The Ohio man who abandoned his baby alone in the woods outside Bend with a broken leg, a cracked skull and meth in his system accepted a plea deal Tuesday — five months after pledging on the courthouse steps to fight the charges.

Brandon Michael Blouin, 26, entered an Alford plea to three counts — first-­degree criminal mistreatment, a felony; endangering the welfare of a minor, a misdemeanor; and being a felon in possession of body armor. In exchange for accepting responsibility, three counts against him were dismissed. Under the plea, Blouin’s attorney acknowledged that prosecutors had sufficient evidence to prove the charges.

The criminal mistreatment plea comes with a sentence of a little more than 2½ years in prison. For endangering a minor, Blouin was given five years of probation. The body armor plea got him 30 days in jail.

His trial was originally scheduled to begin April 23.

The police account of Blouin’s brief time in Bend is a shocking tale of neglect.

At 5 a.m. May 10, a homeowner on Tekampe Road called police after a woman with scratches and bruises on her arms and face — later identified as Katelin Thomas, 19 — appeared on his land and was mumbling incoherently. She told a responding sheriff’s deputy that Blouin had abused her and might be somewhere nearby with their baby, 13-month-old Bradley Michael Thomas.

At about 6:20 a.m., Blouin showed up at a home on Sholes Road. He was “disheveled” and said a group of men with guns was chasing him, according to court documents. A deputy reported Blouin appeared to be on meth. After interviewing Blouin, authorities believed Bradley was alone somewhere in the woods off China Hat Road southeast of Bend.

An extensive search was conducted, involving many off-duty units and a team of wildland firefighters that had been preparing to perform a controlled burn in the same area.

At about 11:30 a.m., sheriff’s Detective Doug Jackson located Bradley naked and asleep in the dirt and brush.

Blouin, Thomas and their son were all taken to St. Charles Bend.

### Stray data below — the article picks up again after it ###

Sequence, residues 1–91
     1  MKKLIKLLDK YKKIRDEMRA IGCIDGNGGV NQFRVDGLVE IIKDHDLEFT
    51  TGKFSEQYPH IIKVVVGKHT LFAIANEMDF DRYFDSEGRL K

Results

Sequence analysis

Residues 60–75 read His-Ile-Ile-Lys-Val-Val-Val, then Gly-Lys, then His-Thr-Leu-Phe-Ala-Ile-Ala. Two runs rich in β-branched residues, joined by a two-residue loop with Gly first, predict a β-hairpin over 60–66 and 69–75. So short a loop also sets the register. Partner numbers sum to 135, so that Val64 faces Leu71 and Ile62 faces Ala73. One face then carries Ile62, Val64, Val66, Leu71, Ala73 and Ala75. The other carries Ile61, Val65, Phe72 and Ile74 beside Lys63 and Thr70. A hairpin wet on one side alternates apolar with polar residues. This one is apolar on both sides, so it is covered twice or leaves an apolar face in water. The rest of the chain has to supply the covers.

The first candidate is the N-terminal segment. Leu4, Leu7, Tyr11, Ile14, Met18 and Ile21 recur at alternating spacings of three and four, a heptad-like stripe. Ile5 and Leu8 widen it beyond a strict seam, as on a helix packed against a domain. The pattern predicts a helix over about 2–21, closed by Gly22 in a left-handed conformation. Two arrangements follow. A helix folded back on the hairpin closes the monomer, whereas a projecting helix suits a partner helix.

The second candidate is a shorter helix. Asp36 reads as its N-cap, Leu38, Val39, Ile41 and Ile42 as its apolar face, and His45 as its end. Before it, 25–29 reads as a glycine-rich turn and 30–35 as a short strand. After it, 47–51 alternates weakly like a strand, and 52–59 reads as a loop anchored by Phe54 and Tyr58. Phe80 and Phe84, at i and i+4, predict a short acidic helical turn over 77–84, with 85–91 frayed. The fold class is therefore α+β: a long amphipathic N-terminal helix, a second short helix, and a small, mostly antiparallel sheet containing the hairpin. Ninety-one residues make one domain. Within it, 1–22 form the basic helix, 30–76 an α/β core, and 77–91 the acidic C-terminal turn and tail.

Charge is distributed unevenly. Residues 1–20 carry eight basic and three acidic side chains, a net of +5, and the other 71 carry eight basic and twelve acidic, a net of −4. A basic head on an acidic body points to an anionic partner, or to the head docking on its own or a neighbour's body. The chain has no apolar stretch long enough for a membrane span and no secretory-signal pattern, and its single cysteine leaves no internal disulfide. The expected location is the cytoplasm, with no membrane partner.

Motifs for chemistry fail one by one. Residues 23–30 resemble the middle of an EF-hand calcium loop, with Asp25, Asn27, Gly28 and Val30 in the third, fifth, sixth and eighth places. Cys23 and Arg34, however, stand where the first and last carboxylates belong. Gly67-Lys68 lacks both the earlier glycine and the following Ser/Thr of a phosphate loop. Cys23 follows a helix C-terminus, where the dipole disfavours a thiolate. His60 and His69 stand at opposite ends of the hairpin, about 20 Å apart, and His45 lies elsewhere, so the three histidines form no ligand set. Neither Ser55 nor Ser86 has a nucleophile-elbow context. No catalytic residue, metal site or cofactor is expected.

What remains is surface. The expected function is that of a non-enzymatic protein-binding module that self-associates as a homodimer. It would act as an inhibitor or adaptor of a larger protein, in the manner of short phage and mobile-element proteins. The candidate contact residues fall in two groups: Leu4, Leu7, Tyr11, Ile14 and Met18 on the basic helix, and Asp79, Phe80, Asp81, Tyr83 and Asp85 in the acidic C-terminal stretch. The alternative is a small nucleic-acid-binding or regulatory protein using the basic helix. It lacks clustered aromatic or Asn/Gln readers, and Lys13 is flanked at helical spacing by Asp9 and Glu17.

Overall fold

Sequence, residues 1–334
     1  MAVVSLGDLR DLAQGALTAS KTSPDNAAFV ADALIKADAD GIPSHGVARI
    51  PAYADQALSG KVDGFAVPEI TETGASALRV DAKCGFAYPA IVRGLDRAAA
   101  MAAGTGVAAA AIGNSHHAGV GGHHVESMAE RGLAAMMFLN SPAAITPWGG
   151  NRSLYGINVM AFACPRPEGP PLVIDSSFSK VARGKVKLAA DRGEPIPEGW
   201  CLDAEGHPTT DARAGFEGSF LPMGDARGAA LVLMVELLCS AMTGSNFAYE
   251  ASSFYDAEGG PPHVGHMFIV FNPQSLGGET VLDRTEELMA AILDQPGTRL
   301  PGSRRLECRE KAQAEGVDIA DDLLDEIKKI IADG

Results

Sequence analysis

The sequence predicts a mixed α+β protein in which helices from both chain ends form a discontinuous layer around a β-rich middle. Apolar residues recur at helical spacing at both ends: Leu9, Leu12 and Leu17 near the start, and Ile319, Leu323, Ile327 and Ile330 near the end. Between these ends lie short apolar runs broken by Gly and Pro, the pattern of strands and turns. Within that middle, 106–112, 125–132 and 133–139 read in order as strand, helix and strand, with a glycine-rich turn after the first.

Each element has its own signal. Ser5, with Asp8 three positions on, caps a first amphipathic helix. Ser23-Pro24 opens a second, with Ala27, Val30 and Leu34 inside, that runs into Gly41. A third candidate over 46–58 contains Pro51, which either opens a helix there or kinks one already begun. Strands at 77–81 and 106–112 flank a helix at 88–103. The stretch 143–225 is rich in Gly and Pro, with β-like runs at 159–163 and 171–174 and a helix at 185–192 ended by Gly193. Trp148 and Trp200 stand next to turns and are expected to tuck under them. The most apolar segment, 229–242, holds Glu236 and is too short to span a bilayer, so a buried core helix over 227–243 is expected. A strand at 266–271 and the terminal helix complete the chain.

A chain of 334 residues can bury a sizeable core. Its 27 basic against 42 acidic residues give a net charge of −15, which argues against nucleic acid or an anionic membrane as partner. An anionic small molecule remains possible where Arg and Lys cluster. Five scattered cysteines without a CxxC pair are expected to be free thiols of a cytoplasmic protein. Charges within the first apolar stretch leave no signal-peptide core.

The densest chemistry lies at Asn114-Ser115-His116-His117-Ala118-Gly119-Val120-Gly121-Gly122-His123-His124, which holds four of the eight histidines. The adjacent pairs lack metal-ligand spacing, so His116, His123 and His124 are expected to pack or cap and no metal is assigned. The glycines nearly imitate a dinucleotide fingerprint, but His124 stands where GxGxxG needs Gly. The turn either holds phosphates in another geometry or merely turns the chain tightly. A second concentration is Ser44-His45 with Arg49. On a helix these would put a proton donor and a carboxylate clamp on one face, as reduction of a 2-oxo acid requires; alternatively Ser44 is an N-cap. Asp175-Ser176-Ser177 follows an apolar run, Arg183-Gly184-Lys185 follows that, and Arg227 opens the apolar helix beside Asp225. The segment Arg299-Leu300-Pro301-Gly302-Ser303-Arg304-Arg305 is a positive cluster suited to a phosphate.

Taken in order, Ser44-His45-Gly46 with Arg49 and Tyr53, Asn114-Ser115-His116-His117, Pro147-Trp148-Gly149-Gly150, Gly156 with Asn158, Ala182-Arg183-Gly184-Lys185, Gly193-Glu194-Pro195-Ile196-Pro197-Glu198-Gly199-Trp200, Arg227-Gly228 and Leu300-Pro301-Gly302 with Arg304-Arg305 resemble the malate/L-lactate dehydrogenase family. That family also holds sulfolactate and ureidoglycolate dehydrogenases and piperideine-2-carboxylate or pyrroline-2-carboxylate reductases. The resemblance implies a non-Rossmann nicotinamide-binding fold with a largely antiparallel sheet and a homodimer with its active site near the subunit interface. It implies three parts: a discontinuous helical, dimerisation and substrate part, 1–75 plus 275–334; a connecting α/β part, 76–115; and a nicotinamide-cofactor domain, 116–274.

Medical specialists later determined Bradley had a broken leg, fractured skull and that meth was in his blood system.

Blouin’s attorney spent Monday in negotiations with the Deschutes County District Attorney’s office, hoping to avoid what was expected to be long and complex trial. More than 30 people were identified as witnesses.

Had the case gone to trial, the state intended to play audio from recorded jailhouse communications, according to motions filed this month. Prosecutors wanted to introduce a personal safety order Thomas took out against Blouin and evidence Blouin used drugs and abused and improperly punished his son.

Blouin’s attorney, Dan ­Yeager, hoped to play for the court a video from the morning of the search for Bradley.

After reporting his son missing, but before the boy was found, Blouin was taken to the hospital. He attempted to describe where Bradley was, but that “proved difficult,” according to a defense motion in the case.

Accompanied by paramedics, Blouin returned to the scene of the search with an IV still attached to his arm.

“Defendant was extremely distraught and emotional due to the loss of his son,” the motion reads. “This was not described by police in their reports.”

After Bradley was found, Blouin was permitted to hold his son. Yeager subpoenaed local broadcaster Central Oregon Daily to turn over footage he said it had of Blouin “overcome with emotion” upon being reunited with his son.

Today, Bradley lives with his grandmother in West Virginia.

— Reporter: 541-383-0325,